Stephenson County showed their patriotism during the Civil War. On April 18, 1861, a meeting was held at Plymouth Hall. Several enlistments were made that night and within two days the first company was filled and ready for muster. A company was recruited at Lena and other parts of the county gave their quotas to the cause.
Under the command of Capt. Smith D. Atkins, Lt. Newcomer and Lt. Field, the company left for the front on May 1 and was mustered in as Company A, 11th Reg. Shortly after, a second company under the command of Capt. W.J. McKim, Lt. Settley and Lt. Arno went to the front.
The 15th Reg. was organized in Freeport and mustered in on May 24th. A few weeks later, after receiving instructions at Alton, they left for the field. Their first battle was in Missouri. It was mustered out at Fort Leavenworth on September 1, 1865. Travel by foot, boat and train, a distance of about 11,000 miles was covered. The officers were Col Thomas J. Turner, Senior Major William R. Goddard, Junior Major Rufus C. McEathron, and Surgeon William J. McKim.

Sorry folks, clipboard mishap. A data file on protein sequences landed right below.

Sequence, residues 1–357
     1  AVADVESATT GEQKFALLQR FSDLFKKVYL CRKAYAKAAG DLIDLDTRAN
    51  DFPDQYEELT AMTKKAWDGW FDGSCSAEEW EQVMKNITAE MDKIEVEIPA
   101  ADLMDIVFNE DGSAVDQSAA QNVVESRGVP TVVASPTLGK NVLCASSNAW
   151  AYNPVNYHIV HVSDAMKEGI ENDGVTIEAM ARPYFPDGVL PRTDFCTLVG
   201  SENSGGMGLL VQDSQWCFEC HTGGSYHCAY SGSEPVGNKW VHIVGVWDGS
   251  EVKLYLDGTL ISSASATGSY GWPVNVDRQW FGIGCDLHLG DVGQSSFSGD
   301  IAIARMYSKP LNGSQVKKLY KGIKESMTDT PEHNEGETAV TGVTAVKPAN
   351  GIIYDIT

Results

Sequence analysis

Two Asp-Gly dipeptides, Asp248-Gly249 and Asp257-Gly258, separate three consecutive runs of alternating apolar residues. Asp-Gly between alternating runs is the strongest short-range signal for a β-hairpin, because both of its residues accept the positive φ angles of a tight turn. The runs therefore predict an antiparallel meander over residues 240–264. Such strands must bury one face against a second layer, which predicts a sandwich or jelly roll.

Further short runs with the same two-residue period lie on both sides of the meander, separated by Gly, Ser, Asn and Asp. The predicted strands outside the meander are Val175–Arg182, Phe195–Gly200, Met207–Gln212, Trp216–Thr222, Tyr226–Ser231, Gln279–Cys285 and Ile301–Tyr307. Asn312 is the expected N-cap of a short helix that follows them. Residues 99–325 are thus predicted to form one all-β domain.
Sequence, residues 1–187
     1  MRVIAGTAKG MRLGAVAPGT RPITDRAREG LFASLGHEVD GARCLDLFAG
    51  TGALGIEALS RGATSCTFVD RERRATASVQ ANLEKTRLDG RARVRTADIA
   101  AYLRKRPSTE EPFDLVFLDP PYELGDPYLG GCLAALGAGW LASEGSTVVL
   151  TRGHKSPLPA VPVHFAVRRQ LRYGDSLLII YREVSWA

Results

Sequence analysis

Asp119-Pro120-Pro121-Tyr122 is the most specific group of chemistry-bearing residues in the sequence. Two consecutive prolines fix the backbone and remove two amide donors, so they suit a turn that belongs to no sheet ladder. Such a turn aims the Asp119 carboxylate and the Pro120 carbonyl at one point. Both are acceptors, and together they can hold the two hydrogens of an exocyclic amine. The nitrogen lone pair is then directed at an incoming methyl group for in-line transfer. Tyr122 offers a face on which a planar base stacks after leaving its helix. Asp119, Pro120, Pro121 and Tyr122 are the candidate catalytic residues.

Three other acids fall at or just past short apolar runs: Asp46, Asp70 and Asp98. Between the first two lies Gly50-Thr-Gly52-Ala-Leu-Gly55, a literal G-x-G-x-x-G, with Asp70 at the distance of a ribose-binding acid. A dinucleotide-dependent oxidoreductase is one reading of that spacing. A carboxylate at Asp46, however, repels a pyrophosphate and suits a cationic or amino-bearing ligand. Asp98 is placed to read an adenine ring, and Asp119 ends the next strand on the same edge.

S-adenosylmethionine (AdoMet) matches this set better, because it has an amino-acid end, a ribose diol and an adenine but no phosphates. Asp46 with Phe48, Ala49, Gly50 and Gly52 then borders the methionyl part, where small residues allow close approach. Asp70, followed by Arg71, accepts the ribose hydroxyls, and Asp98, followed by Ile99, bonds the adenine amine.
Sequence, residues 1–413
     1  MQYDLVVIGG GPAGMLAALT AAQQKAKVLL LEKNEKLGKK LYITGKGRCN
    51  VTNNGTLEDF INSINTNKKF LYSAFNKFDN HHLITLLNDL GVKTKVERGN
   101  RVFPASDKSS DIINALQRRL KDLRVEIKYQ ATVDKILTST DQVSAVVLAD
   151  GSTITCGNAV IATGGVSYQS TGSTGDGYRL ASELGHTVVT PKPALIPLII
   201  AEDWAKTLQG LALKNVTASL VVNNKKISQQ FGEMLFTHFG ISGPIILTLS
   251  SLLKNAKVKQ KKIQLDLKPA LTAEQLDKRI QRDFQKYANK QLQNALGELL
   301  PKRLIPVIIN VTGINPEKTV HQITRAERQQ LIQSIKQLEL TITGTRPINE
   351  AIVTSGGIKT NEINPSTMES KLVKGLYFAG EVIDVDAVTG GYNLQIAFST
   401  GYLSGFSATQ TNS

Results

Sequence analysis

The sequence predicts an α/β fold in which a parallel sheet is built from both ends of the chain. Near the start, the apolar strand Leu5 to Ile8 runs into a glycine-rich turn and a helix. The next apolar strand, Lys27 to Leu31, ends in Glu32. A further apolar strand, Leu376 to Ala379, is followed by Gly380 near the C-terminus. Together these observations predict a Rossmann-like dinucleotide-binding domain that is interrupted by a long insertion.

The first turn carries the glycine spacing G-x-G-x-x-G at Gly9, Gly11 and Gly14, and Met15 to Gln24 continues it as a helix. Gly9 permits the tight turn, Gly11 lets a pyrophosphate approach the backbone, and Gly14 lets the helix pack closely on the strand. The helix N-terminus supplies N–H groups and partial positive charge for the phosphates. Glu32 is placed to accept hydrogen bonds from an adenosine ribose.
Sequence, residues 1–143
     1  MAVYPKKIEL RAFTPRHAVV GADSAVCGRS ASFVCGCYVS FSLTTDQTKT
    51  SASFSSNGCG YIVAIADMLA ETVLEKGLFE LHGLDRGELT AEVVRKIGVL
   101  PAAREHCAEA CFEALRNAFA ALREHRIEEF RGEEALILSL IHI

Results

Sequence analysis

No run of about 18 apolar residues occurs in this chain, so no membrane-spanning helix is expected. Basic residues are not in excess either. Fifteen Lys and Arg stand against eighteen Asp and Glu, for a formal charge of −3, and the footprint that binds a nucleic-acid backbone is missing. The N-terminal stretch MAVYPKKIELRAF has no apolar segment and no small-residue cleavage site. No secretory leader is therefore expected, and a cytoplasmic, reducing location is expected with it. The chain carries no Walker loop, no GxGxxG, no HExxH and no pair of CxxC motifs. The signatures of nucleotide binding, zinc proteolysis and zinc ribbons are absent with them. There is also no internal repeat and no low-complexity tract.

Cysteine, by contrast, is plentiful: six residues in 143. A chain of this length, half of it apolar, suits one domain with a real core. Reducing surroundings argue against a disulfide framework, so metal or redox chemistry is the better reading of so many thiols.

The 46th, made up almost wholly of Stephenson County men, was organized at Camp Butler on December 28, 1861, by Col. Davis. He was succeeded after his death at Bolivar, Tennessee on October 10, 1862, by Col Dornblazer. Maj. McCracken and Maj. Clingman were next in command. They were at Ft. Donelson and Ft. Henry, Pittsburg Landing and the campaign through Tennessee. They also participated in the Siege of Vicksburg and marched through to the Gulf. The 46th was mustered in as a veteran regiment January 4, 1863, returned to Freeport and was furloughed on the 27th, seeing no active duty after that.
The 92nd, mustered in at Rockford, September 4, 1862, and contained 3 companies from Stephenson County. It was assigned to the Army of Kentucky. Their first stronghold was on Point Lookout. They participated in battles around Chattanooga, fought under Thomas at Chickamauga, were in the hottest of the fighting in the Atlanta campaign, and swung south with Sherman on the world famous March to the Sea. The 92nd was musted out at Concord, North Carolina and discharged and paid off at Chicago on July 10, 1865, after nearly three years of the hottest fighting in the war. The regiment came out under command of Col. brevetted Brig. Gen. Smith D. Atkins, Lt. Col. Christopher T. Dunham, Adj. Issac C. Dawver and Quartermaster Phillip Sweely.
Besides the above, Stephenson County furnished companies of men in the 14th; 26th; 45th; 47th; 71st; 74th; 90th; 93rd; 142nd; for 100 day service, 146th, 1 year service; 147th, 1 year infantry; 7th; 8th; 12th; 13th; 14th and 15th cavalry, and the 1st and 2nd artillery.